Posted: Sunday, March 10, 2013 5:12 am

By Philip Franchine

While the international border is secure in some places, more drugs than ever are being smuggled, attracting ruthless bandits and forcing drug-runners to carry guns. That’s what the Arizona Game and Fish Commission heard in Sahuarita on Friday from ranchers and Border Patrol Tucson station chief Roger San Martin.

Although families in Arizona border cities think nothing of strolling outside at night, and mayors report residents feel secure, there is trouble out in the desert.

Dan Bell, whose 35,000-acre ZZ Cattle Ranch lies along the border west of Nogales and south of Arivaca, said, “Some say the border has never been more secure and it’s true in some places, but in areas without infrastructure and a long way from roads it’s ramping up.”

“The number of drugs we have seen has shot through the roof,” said Sarah King, who ranches 38 miles north of the border in the Altar Valley.

Border Patrol agents recently recovered three AK 47s, a shotgun and a pistol just south of King’s ranch, and San Martin said that was not an isolated instance.

“We’re seeing more armed individuals” than in the past as gangs compete for drugs after they are across the border, he said.

Though arrests are down, marijuana trafficking is up, San Martin said.

The station chief said gangs of bandits living permanently in the United States, whether legal or illegal, “come from Phoenix with the best camping gear, with AK 47s” and shoot drug “mules” on sight and steal their drug loads, apparently without giving them a chance to surrender.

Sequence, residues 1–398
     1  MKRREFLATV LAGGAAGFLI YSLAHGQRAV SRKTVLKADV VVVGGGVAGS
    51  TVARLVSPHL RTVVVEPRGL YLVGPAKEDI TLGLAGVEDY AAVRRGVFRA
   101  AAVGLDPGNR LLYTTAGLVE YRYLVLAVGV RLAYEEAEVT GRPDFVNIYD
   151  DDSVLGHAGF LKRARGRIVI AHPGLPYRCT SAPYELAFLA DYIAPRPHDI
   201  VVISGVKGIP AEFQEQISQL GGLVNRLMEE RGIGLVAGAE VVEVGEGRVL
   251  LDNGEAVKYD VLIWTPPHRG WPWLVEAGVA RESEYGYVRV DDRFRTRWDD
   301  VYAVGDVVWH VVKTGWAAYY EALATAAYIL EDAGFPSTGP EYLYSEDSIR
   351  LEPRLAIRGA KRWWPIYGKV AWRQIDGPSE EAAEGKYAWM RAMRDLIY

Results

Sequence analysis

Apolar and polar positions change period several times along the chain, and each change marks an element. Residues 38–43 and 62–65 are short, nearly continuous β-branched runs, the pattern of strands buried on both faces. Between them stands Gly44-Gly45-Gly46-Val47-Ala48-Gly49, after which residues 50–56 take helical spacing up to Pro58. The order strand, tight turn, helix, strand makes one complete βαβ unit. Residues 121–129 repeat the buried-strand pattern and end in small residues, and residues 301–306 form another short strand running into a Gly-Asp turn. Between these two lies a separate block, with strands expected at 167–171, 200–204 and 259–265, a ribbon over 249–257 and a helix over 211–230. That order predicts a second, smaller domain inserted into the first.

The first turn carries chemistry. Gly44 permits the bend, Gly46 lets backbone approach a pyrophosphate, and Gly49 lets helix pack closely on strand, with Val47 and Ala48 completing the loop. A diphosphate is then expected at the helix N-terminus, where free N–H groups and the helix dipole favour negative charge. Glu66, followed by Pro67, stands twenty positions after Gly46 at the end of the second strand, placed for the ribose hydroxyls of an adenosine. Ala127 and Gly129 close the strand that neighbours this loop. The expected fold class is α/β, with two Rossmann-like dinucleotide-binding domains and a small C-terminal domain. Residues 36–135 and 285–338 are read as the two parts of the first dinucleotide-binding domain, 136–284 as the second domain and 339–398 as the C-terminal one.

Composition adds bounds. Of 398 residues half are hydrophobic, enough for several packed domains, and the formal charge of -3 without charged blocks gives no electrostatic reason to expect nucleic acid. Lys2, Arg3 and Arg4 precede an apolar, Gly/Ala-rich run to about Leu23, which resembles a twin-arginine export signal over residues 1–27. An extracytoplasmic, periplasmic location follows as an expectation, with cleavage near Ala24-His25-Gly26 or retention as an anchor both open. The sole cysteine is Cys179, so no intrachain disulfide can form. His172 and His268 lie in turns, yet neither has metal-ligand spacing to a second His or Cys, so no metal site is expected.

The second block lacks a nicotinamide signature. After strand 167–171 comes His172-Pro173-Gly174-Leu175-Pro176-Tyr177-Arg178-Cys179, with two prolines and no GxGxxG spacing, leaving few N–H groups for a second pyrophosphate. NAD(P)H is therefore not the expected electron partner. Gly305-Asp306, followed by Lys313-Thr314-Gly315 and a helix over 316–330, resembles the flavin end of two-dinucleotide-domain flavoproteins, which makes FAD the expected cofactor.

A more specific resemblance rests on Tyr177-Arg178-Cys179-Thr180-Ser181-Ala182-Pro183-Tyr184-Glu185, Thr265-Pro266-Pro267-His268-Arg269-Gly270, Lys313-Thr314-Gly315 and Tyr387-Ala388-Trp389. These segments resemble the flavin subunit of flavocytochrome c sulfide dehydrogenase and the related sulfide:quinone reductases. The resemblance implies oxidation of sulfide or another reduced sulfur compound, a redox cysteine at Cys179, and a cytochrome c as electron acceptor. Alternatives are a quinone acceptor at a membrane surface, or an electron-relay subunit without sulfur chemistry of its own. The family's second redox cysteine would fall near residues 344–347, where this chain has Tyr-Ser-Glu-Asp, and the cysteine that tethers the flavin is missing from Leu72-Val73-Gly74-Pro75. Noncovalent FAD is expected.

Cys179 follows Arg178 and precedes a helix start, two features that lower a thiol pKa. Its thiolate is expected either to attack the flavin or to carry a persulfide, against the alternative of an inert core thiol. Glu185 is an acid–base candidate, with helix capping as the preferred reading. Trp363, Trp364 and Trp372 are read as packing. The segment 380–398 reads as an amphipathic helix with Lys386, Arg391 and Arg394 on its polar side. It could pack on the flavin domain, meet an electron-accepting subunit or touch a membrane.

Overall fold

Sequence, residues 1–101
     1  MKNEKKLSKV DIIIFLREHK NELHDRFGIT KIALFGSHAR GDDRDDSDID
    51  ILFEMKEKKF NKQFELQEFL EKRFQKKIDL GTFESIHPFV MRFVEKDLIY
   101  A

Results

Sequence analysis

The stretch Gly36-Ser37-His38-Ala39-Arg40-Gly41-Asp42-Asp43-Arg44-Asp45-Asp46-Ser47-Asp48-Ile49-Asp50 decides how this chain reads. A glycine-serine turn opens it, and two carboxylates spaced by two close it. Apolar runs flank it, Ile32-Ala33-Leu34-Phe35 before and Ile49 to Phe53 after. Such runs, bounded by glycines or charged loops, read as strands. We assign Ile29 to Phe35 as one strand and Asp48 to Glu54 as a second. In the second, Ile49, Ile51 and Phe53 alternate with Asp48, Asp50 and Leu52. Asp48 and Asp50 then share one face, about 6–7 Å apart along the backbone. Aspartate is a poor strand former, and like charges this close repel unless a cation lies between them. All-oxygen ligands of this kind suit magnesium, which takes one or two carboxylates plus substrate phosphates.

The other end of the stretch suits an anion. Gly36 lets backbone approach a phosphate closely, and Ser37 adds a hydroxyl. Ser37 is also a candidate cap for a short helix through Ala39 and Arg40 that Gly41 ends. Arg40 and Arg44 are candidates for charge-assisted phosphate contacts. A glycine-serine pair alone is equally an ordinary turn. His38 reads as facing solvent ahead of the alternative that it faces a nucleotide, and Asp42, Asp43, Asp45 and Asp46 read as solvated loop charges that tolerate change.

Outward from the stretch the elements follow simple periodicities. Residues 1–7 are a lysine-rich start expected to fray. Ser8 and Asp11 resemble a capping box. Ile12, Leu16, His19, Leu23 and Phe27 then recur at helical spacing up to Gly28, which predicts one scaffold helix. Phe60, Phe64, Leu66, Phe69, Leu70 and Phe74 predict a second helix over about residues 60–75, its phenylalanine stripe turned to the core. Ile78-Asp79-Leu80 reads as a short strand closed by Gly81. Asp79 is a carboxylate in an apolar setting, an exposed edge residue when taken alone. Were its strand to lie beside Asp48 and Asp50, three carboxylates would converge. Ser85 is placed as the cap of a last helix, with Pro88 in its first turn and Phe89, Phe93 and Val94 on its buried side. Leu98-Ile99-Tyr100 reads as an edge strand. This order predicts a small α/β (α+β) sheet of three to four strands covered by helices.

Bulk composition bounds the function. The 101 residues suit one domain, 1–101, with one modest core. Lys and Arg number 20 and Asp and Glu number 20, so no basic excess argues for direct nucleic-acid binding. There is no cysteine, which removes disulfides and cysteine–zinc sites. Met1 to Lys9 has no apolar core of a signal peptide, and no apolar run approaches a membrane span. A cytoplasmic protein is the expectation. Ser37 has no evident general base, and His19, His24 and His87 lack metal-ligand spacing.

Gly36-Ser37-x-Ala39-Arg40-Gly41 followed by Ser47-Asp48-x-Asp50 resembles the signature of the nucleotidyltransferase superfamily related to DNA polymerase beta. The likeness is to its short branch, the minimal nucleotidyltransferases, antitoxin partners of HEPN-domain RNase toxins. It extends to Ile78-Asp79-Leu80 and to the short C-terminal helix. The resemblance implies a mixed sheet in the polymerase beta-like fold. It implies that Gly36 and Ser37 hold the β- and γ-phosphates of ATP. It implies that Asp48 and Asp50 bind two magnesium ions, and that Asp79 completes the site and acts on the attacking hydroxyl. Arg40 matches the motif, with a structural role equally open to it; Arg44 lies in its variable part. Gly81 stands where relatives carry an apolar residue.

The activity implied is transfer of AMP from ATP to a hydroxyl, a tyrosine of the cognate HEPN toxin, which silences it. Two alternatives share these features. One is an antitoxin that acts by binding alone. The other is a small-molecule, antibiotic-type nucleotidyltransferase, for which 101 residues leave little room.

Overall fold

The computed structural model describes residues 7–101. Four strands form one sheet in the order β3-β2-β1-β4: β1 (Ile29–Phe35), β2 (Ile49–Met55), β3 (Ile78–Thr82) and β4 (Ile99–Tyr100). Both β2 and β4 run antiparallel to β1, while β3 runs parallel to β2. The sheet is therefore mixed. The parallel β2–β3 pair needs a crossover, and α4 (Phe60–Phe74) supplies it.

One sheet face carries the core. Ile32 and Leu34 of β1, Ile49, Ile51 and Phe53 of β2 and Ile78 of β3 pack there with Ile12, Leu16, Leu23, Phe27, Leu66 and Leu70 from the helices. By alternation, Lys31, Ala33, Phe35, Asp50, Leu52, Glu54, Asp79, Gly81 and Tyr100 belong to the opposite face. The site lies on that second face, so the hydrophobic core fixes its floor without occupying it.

“They are ruthless. They kill them and take the load. It’s not like (they say) ‘Drop the load.’ It’s just ‘Boom. Boom. Boom.’ So now the cartels are arming the mules. It’s a game between those two,” San Martin said.

In the past “the Border Patrol were great trackers. We lost that with camera and (high-tech) sensors,” the station chief said.

Smugglers are dressing groups of people they are taking across with slip-on booties that are hard to track and camouflage clothes to minimize their detection.

Bell said he sees armed people and those carrying drugs every day on his ranch, which runs along the border for 10 miles west of Nogales.

“We say ‘Good morning,’ and politely go on about or business.” He said he, his cousin and two employees rarely carry weapons unless they are going to a very remote area because “the last thing we want to do is seem confrontational.”

Amid the endless cat-and-mouse game and escalation of technology, Bell said he has put gates in his fence along the border to allow smugglers to get through without cutting his fence. When Homeland Security installed high-tech sensors, the smugglers started cutting the fence 50 yards from the gates to avoid the sensors.

Extra costs

Bell said the construction of two miles of border wall has finally allowed him to keep two pastures along the border empty so they could re-grow. For years, fence cuts by smugglers allowed cattle in from Bell’s other pastures and neighboring ranches, including some in Mexico, plus smugglers and Border Patrol agents pursing them constantly trampled the pastures. Then two miles of wall went up and “by the next growing season, the pastures were healed and recovered,” he said.

Bell said the extra costs of ranching along the border, including cattle lost because of fence cuts, are estimated at $15 per 100 pounds of cattle, or $75 to $105 per animal brought to market.

Bell said border crossing has ramped up lately, partly because of the time of year, and possibly because of the discussion of immigration reform and sequestration, which could mean cutbacks for the Border Patrol.

San Martin said some ranchers and officials of the Buenos Aires National Wildlife Refuge outside Arivaca tell him they feel more secure now than years ago, but he still hopes that more roads will be built along the border in his territory so agents can get into the mountainous terrain.

“I don’t have border access to 16 of the 23 miles of the border,” San Martin said. “I have to fall back three or four miles north of the border.”

Border Patrol outl.ines ruthless gangs, acts along border - Green Valley News: Local News